Secretary school. Menial, “fetching” tasks. Available 24/7/365. The “Glass Ceiling.” It’s safe to say, women have made major strides forward in the professional world since the era of Mad Men.
Of course, there’s always more progress to be made. In my own professional lifetime of more than 20 years, I’ve seen this progress take place, albeit sometimes at a snail’s pace. Today, I’m proud to work for Ogilvy & Mather North America, a company that’s named to the “100 Best Companies for Working Mothers.
When my daughter was born over 23 years ago, there was little flexibility for a working mom. As a divorced, single mother, long nights at the office meant expensive babysitters. Work trips left my daughter behind in tears, with any family member that was available. When my daughter was too ill for school, I had to stay at home as the caretaker, leaving my work neglected at times and often returning to work, myself sick with a runny nose.
Any working parent can attest to these and the myriad number of other daily issues that comes with the territory of being a professional with children at home. However, women have certainly taken the brunt of the pains of being a working parent. We’re often seen as the “natural caretaker” and judged as negligent when we, as mothers, miss a ballet performance or soccer game, leave a sick child at daycare instead of staying home, or decide to buy brownies from the grocery store for the bake sale because we didn’t have time to make them from scratch the night before. Yet, leaving the office early to make dinner or even just to put the children to bed before 8 p.m. can often warrant just as many judgmental looks from our co-workers.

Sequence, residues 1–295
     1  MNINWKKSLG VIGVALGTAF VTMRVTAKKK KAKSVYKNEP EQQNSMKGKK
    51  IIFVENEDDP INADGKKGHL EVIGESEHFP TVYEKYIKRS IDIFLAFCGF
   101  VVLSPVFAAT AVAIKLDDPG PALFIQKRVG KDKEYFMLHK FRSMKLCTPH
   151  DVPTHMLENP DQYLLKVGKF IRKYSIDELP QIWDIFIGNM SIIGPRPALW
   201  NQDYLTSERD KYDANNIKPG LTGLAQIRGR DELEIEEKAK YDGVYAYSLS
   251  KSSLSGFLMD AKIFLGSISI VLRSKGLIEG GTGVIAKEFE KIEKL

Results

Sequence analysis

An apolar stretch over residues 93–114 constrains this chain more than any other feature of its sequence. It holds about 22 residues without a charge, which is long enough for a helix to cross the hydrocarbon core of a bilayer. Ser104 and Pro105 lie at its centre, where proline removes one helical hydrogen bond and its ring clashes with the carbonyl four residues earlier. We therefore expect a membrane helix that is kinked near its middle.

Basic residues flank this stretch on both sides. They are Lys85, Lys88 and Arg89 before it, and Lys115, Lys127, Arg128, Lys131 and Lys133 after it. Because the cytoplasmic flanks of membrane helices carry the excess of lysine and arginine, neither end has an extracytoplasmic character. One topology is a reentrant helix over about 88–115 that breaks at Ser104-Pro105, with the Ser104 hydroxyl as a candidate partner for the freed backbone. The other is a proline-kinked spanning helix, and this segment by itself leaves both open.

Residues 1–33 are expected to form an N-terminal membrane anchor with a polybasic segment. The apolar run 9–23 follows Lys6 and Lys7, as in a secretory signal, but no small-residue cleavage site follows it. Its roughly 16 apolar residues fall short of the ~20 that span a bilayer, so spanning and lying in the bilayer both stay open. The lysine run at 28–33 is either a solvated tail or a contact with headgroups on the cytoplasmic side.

Over the past 20 years, it has taken the combined efforts of many women, including myself, acting as trailblazers for today’s working mothers. As we broke down barriers and climbed the corporate ladder, we reached high enough positions of power to not only ask for change, but to be in the position to enact the change as well.
I know firsthand the importance of working for organizations that provide flexibility and support. As the Chief Diversity and Inclusion Officer for Ogilvy & Mather North America, I have collaborated with my colleagues and visionary leader and CEO, John Seifert, who is the ultimate champion of diversity and inclusion, to implement the ability to design our company’s strategies to mirror those of our clients and peers. This has made significant strides in building inclusive corporate cultures.
We have worked tirelessly to improve our policies and benefits to ensure that working mothers are able to take advantage of flexible work schedules, emergency childcare, lactation rooms and in our New York office, a vibrant Working Parents Network and a Pumping Moms Club. Policies such as these have been critical in my ability to become the senior leader that I am today. I believe these policies will give new working mothers the flexibility and support they need to succeed in both their personal and professional lives.
Only by standing up and asking for change can we help one another achieve a better work-life balance, with the breathing room for both professional growth and fulfillment and happy home lives.
Donna Pedro is Chief Diversity and Inclusion Officer for Ogilvy & Mather North America and was honored by Working Mother magazine and Advertising Women of New York (AWNY) and named one of five “Trailblazer Moms,” identified by Working Mother as “Pioneers who are paving the way for future working mothers.” Ogilvy & Mather North America is the only advertising agency on the 2014 “100 Best Companies for Working Mothers” list.
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